CONTACT Rose Cavanagh | 401.331.7209 | [email protected]
PROVIDENCE, R.I. — Twenty-five of New England’s most promising journalists will learn the latest investigative and database reporting techniques and public records access skills from some of the country’s best journalists and First Amendment attorneys at the third annual New England First Amendment Institute, from Sunday, September 29 to Tuesday, October 1 in Dedham, MA.
Among the speakers will be David Barstow of the New York Times, who this spring was awarded his third Pulitzer Prize in the last nine years, his most recent for an expose that Wal-Mart routinely bribed government officials in Mexico for favorable development decisions.
The 25 journalism fellows will be selected from among applicants representing print, broadcast and online news organizations throughout the six states. The deadline for applications is August 20. The 25 fellows will be announced the first week of September.
“We are eager to help the Institute fellows enhance their investigative reporting skills and discover new ways to approach freedom of information issues. The focus will be on ferreting out information about how government operates and offering it to a wide audience,” said Mary Jane Wilkinson, President of New England First Amendment Coalition and a retired managing editor of The Boston Globe.
“This annual conference is intense, collegial and designed to help the region’s best reporters incorporate investigative reporting skills into every story they do,” said Walter V. Robinson, distinguished professor of journalism at Northeastern University and a Pulitzer winner in 2003.
Here’s just a sampling of the professionals taking part in the sessions and the range of topics:
- Keynote speaker Brian McGrory, the editor of the Boston Globe, who will talk about the importance of accountability journalism
- Alexandra Zayas, Selden Ring Award winner and Pulitzer finalist of the Tampa Bay Times, St. Petersburg, Fla., for her in-depth probe into unlicensed religious group-homes and government failure to respond to over 165 reports of physical and sexual abuse and neglect
- Sharyl Attkisson, CBS News investigative correspondent on her Emmy and Murrow Award winning investigation, “Fast and Furious,” which revealed how Alcohol, Tobacco and Firearms officials let guns “walk” into the hands of the Mexican drug cartel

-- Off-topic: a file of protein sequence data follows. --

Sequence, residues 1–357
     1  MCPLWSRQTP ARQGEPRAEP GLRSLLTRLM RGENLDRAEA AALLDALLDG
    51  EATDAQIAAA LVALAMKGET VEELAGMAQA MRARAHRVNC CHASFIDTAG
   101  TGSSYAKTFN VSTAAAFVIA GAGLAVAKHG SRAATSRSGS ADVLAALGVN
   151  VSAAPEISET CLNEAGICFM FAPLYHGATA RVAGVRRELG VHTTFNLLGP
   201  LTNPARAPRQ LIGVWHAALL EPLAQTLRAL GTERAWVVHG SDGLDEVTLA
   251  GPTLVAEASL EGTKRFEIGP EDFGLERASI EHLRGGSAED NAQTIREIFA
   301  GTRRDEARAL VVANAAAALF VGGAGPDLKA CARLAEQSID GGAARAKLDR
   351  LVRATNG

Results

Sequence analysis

- Alison Young of USA Today on her award winning investigation of “Ghost Factories,” abandoned sites that leave chemicals in the ground
- David Jackson of The Chicago Tribune discussing the “Empty Desk Epidemic” in the Chicago public schools of covered up and significant truancy problems
- Emmy Award winning producer Anna Schecter of NBC and investigative reporter Tim White of WPRI on effective sourcing, the confrontational interview and transitioning to video.
The free workshops will take place at the New England Newspaper and Press Association‘s headquarters in Dedham, MA. A 2012 fellow had this to say about her experience at the Institute in an evaluation, “All killer, no filler — well worth my time and would recommend it to anyone!” Another participant said that the Institute “touched on so many different issues that I did not leave thinking there was anything I missed. I was thrilled.”
Rosanna Cavanagh, NEFAC’s executive director, said the program is supported by grants from the McLean Contributionship, National Freedom of Information Coalition and sponsorships from New England Society of Newspaper Editors, the Academy of New England Journalists, The Providence Journal Charitable Foundation, The Boston Globe and Sam Adams. “We owe a great debt of gratitude to our supporters and sponsors and wonderful faculty members, especially to the First Amendment lawyers and journalists on NEFAC’s board of directors whose selfless volunteering of their time to train the next generation of investigative reporters makes our Institute possible.”